The mansion was built as a summer “cottage” retreat between 1888 and 1892 for Alva and William Kissam Vanderbilt

The mansion was built as a summer “cottage” retreat between 1888 and 1892 for Alva and William Kissam Vanderbilt. It was a social landmark that helped spark the transformation of Newport from a relatively relaxed summer colony of wooden houses to the now-legendary resort of opulent stone palaces. The fifty-room mansion required a staff of 36 servants, including butlers, maids, coachmen, and footmen.

The mansion cost $11 million (equivalent to $293 million in 2016) of which $7 million was spent on 500,000 cubic feet (14,000 m³) of marble. Vanderbilt’s older brother Cornelius Vanderbilt II subsequently built the largest of the Newport cottages, The Breakers, between 1893 and 1895.
When Alva Vanderbilt divorced William in 1895, she already owned Marble House outright, having received it as her 39th birthday present. Upon her remarriage in 1896 to Oliver Hazard Perry Belmont, she relocated down the street to Belmont’s mansion, Belcourt. After his death, she reopened Marble House and added the Chinese Tea House on the seaside cliff, where she hosted rallies for women’s suffrage.
Alva Belmont closed the mansion permanently in 1919, when she relocated to France to be closer to her daughter, Consuelo Balsan. There she divided her time between a Paris townhouse, a villa on the Riviera, and the Château d’Augerville, which she restored.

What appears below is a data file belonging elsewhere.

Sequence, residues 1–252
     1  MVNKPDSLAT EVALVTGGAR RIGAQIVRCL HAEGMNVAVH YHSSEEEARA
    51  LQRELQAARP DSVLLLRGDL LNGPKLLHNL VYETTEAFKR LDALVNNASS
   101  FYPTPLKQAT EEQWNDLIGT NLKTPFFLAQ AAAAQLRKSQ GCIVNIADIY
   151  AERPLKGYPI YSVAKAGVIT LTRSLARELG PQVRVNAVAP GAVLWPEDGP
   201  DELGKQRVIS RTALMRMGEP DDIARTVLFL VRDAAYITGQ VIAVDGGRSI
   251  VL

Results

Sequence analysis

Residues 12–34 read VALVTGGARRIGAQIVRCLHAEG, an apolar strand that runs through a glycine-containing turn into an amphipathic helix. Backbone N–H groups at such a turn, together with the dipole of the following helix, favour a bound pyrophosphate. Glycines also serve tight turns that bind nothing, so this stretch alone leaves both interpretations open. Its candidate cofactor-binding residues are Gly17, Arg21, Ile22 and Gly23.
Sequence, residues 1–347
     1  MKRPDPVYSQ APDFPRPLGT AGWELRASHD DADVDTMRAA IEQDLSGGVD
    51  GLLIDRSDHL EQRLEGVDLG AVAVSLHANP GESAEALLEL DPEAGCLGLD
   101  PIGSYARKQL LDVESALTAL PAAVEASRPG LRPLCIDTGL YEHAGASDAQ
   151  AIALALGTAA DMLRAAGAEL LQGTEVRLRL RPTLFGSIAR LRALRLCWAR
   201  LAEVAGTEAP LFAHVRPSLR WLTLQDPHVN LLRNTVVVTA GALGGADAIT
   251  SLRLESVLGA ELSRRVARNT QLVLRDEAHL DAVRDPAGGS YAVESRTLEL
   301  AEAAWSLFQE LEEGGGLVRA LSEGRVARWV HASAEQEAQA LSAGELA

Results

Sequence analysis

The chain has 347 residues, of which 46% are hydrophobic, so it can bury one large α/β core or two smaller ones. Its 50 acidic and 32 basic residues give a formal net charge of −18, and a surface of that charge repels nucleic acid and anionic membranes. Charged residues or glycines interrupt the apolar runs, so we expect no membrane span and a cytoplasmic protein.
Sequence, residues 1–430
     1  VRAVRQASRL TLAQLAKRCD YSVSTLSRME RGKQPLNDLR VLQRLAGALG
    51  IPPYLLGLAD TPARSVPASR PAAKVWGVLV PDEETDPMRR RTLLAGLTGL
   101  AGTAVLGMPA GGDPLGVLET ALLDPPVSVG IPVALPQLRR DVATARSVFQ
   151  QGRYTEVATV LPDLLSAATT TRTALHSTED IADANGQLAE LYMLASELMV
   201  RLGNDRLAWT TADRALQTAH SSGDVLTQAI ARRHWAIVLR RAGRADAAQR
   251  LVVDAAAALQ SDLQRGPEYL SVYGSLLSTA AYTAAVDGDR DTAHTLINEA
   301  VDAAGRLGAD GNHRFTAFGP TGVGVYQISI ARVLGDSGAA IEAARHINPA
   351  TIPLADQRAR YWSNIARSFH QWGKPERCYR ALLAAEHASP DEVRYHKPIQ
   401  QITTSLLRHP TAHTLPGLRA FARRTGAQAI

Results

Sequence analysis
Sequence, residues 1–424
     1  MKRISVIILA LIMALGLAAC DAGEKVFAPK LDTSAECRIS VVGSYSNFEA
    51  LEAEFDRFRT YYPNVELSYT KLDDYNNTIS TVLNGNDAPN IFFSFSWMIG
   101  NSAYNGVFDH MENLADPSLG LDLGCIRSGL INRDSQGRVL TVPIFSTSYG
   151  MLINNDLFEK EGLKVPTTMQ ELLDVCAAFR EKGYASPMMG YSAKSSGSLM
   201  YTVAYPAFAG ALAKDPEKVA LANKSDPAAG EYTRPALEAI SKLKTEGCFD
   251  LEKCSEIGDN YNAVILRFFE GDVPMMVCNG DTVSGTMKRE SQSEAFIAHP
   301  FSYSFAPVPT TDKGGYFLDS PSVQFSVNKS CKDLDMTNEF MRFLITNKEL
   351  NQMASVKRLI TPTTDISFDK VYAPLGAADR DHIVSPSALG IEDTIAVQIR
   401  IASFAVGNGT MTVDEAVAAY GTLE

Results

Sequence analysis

She sold the house to Frederick H. Prince in 1932, less than a year before her death. In 1963 the Preservation Society of Newport County bought the house from the Prince Trust, with funding provided by Harold Stirling Vanderbilt, the Vanderbilt couple’s youngest son. The Trust donated the furniture for the house directly to the Preservation Society.
The mansion was added to the National Register of Historic Places on September 10, 1971. The Department of the Interior designated it as a National Historic Landmark on February 17, 2006.The Bellevue Avenue Historic District, which includes Marble House and many other historic Newport mansions, was added to the Register on December 8, 1972 and subsequently designated as a National Historic Landmark District on May 11, 1976.

110 West 80 St-4R, NY, NY 10024
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